What is the relation between level and conductor of a supercuspidal representation of $\operatorname{GL}_2(\mathbb{Q}_p)$ for some prime $p$?

Proposition 3.4 in Loeffler and Weinstein - On the computation of local components of a newform refers to Breuil and Mézard - Multiplicités modulaires et représentations de $\operatorname{GL}_2(\mathbb Z_p)$ et de $\operatorname{Gal}(\overline{\mathbb Q}_p/\mathbb Q_p)$ en $\ell = p$. Appendice par Guy Henniart. Sur l'unicité des types pour $\operatorname{GL}_2$, which I am unable to understand because of the language.

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    $\begingroup$ I don't know if it's just me, but the PDFs to which you linked won't load. I changed the arXiv PDF link to an abstract link, as is the usual convention, but I had to guess at the Breuil paper, which I think is Breuil and Mézard - Multiplicités modulaires et représentations de $\operatorname{GL}_2(\mathbb Z_p)$ et de $\operatorname{Gal}(\overline{\mathbb Q_p}/\mathbb Q_p)$ en $\ell = p$ (MSN). $\endgroup$ – LSpice May 17 '20 at 21:12
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    $\begingroup$ I explained how to get this from standard references in Section 2.2 of my basis problem paper. You get that the level is one less than one half of the conductor. $\endgroup$ – Kimball May 18 '20 at 1:31
  • $\begingroup$ @Kimball, it may be necessary to be cautious here: I think that there are notions of normalised and of un-normalised level. According to Bushnell, Henniart, and Kutzko - Local Rankin–Selberg convolutions for $\operatorname{GL}_n$, the level is an integer $m$, and $\frac m e = \frac1 2(f - 1)$, where $e = 1$ if $\pi$ is unramified and $e = 2$ if $\pi$ is unramified. Probably you are using a normalised notion, where the level is the rational number $m/e$? $\endgroup$ – LSpice May 18 '20 at 15:18
  • $\begingroup$ @LSpice Maybe I should have clarified, but the question was about supercuspidal $\pi$, and I am only stating what you get when $\pi$ is discrete series, so $e=2$ in your notation, using the normalization of level as in Bushnell-Henniart's book. I haven't looked at Bushnell-Henniart-Kutzko, at least not in detail, but I thought the references I use (which are just for GL(2)) might be a candidate for "a more elementary reference" that you mentioned in your answer. $\endgroup$ – Kimball May 18 '20 at 16:30
  • $\begingroup$ @Kimball, definitely, and I think you should post it as an answer. However, I'm pretty sure that, even for supercuspidals, $e$ can be $1$ or $2$ (or else I'm totally misunderstanding their notation, which is entirely possible). $\endgroup$ – LSpice May 18 '20 at 17:46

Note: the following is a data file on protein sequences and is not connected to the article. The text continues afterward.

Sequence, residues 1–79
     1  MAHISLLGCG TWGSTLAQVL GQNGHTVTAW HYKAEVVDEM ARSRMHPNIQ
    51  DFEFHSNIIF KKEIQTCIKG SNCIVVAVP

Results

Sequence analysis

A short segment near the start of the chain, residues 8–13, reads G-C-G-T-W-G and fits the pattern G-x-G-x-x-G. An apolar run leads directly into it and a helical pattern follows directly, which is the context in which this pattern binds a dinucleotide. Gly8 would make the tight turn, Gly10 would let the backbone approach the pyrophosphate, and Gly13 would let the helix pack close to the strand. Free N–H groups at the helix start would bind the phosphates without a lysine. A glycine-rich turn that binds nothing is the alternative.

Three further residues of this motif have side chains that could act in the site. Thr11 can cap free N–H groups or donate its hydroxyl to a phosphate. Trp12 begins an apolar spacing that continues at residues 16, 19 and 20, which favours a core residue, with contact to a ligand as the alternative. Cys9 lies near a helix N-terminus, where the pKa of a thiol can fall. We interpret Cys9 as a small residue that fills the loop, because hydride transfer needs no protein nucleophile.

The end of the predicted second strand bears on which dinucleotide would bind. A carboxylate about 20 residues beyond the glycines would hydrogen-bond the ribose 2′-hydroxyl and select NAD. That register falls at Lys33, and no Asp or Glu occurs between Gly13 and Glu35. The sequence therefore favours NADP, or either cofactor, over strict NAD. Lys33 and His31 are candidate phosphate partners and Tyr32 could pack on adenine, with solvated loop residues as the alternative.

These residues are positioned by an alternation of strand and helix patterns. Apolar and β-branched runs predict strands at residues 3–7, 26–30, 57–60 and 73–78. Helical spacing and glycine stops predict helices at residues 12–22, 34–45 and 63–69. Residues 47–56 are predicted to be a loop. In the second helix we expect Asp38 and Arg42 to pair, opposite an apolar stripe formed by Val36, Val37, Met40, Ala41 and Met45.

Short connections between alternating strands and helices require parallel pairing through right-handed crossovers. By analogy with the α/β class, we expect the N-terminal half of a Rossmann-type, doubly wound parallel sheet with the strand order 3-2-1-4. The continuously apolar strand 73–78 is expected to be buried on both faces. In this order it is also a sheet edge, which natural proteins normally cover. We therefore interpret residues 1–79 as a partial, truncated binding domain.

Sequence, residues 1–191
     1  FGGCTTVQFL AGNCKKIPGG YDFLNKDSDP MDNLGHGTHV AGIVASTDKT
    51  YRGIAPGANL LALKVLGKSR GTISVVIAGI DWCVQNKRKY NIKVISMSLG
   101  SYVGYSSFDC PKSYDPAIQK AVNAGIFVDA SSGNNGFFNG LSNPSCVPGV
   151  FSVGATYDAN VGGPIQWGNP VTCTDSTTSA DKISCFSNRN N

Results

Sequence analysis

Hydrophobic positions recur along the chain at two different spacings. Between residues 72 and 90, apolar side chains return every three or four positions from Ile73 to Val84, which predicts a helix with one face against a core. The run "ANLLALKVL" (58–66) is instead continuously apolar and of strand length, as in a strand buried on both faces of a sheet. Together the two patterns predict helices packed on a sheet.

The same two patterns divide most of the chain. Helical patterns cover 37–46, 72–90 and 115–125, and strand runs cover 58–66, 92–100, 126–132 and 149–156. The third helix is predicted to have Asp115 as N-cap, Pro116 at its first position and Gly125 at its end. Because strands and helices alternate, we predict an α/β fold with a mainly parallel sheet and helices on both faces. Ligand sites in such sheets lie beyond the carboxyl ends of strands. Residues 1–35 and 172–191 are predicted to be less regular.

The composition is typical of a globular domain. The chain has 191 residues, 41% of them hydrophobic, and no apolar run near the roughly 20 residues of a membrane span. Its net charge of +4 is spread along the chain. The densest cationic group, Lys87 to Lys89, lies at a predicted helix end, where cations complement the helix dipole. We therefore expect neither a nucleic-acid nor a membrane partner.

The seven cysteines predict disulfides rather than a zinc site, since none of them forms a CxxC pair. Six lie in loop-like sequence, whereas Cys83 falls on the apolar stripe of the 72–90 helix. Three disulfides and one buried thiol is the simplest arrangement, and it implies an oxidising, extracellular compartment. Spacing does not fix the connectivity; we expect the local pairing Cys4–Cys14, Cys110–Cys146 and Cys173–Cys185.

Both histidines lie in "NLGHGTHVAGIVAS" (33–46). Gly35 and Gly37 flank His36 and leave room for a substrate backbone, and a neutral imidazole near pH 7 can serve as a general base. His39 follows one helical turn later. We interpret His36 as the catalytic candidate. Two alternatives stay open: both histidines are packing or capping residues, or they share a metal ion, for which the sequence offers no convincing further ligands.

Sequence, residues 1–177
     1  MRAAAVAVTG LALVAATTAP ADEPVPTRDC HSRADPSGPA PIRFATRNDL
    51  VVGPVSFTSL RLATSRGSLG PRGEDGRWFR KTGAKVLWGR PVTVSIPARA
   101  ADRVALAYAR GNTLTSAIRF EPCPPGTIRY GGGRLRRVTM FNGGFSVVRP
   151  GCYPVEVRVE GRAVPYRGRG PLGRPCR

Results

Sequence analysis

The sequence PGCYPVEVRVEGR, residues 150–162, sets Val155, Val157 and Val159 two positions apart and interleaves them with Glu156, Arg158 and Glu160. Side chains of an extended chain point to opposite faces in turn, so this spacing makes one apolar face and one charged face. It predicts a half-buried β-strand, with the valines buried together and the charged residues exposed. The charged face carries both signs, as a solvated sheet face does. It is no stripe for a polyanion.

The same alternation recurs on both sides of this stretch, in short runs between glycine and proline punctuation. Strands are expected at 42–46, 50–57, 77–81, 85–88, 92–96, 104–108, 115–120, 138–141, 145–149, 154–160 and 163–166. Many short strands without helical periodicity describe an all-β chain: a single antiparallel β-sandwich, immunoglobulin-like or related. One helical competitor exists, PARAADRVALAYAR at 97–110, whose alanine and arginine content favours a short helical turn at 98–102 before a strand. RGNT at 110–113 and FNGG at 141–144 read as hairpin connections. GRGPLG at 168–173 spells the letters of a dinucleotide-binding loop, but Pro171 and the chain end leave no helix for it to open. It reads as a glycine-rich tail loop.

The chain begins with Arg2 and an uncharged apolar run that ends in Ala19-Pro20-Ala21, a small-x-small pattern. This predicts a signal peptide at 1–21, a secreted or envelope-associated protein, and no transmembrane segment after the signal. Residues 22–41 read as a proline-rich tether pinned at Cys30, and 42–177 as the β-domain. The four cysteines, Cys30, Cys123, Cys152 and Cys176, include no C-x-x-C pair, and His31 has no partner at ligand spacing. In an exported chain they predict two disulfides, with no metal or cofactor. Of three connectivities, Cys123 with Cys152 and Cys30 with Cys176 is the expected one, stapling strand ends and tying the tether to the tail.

There's probably a more elementary reference, but, according to Bushnell, Henniart, and Kutzko - Local Rankin–Selberg convolutions for $\operatorname{GL}_n$, (6.1.2), if $m$ is the level of $\pi$, then the conductor of $\pi$ depends on a choice of additive character $\psi$, which will be trivial on $\mathfrak p^{c(\psi)}$ but not on $\mathfrak p^{c(\psi) - 1}$ for some integer $c(\psi)$, and is given by $$ f(\pi) = 2(1 + c(\psi) + m/e), $$ where $e$ is $1$ if $\pi$ is unramified and $2$ if $\pi$ is ramified.

EDIT: I'll leave this answer since it's been accepted, but @Kimball's comment provides a better, as more elementary, reference in Section 2.2 of his paper Kimball - The basis problem revisited.

  • $\begingroup$ If we choose $c(\psi)$ to be $0$, can we say something about $\pi$? $\endgroup$ – Kiddo May 17 '20 at 22:34
  • $\begingroup$ @Kiddo, there is no "the conductor of $\pi$"; it depends on a choice of $\psi$, so that (as the reference indicates) one should really write $f(\pi, \psi)$. We may certainly choose $\psi$ as you say, and it simplifies the formula, but of course doesn't affect $\pi$ at all. $\endgroup$ – LSpice May 17 '20 at 22:48
  • $\begingroup$ Thank you for the reply. $\endgroup$ – Kiddo May 17 '20 at 22:55
  • $\begingroup$ Theorem 6.5,(ii) says $f(\sigma_1' \otimes \sigma_2)= n_1n_2(1+m/e)$. What is this $m$? It is not mentioned in the theorem. Is it the level of $\sigma_1' \otimes \sigma_2$? $\endgroup$ – Kiddo May 17 '20 at 22:58
  • $\begingroup$ @Kiddo, as the statement of the theorem says, it is notation (6.2.1): $m/e = \max (m_1/e_1, m_2/e_2)$. $\endgroup$ – LSpice May 17 '20 at 23:02

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